# Homework Help: One-to-One Intervals

1. Dec 12, 2009

### lutya2

1. The problem statement, all variables and given/known data
I'm trying to do problem #5 on this worksheet
http://ugnotesonline.com/attachments/008_t1.5pst.pdf [Broken]

2. Relevant equations
none

3. The attempt at a solution
(a) I tried to take the derivitive of the function in the intergral so I could see where it was increasing and decreasing and prove that it was one-to-one but that didn't work.

(b) I don't even know what this part is trying to ask.

Last edited by a moderator: May 4, 2017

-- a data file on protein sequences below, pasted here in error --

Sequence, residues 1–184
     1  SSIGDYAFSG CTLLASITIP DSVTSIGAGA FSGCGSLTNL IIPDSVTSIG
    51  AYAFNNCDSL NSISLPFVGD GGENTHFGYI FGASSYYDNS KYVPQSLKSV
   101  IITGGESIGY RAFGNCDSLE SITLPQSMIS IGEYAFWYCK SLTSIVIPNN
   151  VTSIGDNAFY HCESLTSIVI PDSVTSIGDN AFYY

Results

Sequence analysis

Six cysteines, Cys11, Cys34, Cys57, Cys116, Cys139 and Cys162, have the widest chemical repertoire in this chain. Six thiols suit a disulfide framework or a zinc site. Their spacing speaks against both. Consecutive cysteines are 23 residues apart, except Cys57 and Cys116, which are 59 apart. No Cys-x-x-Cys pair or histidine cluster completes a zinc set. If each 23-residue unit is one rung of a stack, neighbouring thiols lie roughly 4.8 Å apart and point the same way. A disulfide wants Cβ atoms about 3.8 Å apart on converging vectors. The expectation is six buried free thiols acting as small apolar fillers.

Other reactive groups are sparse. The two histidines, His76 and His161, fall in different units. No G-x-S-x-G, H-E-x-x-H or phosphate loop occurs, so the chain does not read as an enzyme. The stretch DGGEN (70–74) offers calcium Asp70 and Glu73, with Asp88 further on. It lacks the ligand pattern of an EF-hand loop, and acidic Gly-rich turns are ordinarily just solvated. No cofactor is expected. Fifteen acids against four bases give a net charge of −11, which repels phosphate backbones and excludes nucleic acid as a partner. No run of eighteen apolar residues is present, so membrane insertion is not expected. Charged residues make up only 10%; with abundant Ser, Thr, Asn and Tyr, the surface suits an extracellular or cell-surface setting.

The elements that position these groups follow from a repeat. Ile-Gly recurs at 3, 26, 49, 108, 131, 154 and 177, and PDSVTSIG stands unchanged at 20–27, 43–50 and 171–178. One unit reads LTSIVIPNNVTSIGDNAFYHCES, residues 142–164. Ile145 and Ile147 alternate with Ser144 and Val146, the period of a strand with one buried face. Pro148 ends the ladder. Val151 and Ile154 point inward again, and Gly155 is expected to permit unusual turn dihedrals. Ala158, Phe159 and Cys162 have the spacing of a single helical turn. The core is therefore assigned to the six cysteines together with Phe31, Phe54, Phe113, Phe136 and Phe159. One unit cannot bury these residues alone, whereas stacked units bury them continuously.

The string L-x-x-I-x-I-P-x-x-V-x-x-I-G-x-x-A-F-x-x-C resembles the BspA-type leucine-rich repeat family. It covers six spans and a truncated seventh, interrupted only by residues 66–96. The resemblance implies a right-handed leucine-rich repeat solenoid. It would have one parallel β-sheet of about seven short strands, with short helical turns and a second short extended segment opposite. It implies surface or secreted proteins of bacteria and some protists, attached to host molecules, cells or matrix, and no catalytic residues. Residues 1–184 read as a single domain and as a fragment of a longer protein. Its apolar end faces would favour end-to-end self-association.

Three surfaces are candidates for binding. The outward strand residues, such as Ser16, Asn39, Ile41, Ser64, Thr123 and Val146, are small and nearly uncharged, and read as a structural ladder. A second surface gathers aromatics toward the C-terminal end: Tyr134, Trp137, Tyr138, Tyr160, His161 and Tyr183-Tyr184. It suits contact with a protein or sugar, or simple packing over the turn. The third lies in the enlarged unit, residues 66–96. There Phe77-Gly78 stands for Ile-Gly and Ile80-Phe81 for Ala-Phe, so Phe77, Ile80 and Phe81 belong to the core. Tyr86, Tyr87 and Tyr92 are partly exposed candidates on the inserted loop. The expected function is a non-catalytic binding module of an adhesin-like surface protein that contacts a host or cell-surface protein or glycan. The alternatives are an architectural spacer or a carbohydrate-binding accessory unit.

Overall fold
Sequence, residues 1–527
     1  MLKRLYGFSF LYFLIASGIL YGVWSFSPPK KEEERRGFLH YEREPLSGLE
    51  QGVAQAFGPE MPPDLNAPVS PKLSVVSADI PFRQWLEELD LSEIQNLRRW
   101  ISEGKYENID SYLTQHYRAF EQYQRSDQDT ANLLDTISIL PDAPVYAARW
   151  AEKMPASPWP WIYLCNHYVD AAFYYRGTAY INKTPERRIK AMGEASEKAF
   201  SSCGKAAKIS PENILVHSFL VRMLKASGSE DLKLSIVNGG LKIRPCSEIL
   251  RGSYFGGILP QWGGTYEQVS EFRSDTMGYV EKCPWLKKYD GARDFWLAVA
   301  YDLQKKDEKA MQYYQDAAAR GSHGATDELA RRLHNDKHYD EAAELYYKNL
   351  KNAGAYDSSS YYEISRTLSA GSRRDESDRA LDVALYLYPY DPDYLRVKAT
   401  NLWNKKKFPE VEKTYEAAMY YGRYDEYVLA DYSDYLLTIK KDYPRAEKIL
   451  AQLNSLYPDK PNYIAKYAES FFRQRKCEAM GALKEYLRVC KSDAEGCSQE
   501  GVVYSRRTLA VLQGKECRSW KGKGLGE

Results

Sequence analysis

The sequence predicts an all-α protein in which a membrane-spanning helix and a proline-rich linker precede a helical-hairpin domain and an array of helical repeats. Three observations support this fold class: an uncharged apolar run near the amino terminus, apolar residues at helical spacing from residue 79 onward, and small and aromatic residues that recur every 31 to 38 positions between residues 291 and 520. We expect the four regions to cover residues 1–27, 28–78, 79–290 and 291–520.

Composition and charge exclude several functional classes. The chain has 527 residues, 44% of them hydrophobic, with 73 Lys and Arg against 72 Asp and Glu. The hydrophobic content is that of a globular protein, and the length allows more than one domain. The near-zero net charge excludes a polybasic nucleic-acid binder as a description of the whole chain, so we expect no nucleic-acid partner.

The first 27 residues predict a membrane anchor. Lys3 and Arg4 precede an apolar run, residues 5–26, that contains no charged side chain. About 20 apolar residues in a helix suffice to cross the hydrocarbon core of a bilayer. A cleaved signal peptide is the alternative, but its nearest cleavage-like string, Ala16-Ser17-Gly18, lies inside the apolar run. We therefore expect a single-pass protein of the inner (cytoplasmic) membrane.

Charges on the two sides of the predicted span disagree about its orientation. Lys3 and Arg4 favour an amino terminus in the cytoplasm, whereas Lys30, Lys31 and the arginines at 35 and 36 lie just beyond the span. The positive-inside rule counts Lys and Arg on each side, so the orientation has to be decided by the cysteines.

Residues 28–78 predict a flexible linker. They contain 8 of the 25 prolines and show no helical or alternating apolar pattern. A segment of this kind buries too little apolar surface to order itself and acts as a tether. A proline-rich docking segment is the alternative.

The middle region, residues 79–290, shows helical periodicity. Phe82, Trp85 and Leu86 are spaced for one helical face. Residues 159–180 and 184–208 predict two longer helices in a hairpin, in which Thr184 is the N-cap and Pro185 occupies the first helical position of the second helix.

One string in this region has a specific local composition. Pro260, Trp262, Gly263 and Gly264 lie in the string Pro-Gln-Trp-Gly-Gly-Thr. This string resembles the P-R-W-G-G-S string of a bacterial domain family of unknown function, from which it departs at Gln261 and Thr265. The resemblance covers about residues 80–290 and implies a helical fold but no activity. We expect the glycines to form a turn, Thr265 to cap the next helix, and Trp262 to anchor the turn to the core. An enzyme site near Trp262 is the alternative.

2. Dec 12, 2009

### rasmhop

Try again and show us your work because that is as far as I can see the easiest approach. Remember that if f is everywhere differentiable and the derivative is strictly positive, then the function is strictly increasing.

For b, the notation $f^{-1}(x)$ denotes the inverse function. That is the function such that
$$f^{-1}(f(x)) = f(f^{-1}(x)) = x$$
for all x. (its existence is guaranteed by part a). To solve this part use the chain rule as follows:
$$\frac{d(f \circ f^{-1})(x)}{df^{-1}} \times \frac{df^{-1}(x)}{dx} = \frac{d(f^{-1} \circ f)(x)}{dx}$$
You should be able to evaluate everything here except $$\frac{df^{-1}(x)}{dx}$$ so you can solve the problem.

HINT:
$$\frac{d(f \circ f^{-1})(x)}{df^{-1}} = \frac{df(x)}{dx}$$

EDIT:
Also in case you didn't know $$g|_{x=0}$$ just means g(0), so in b you're just asked to evaluate the derivate at 0.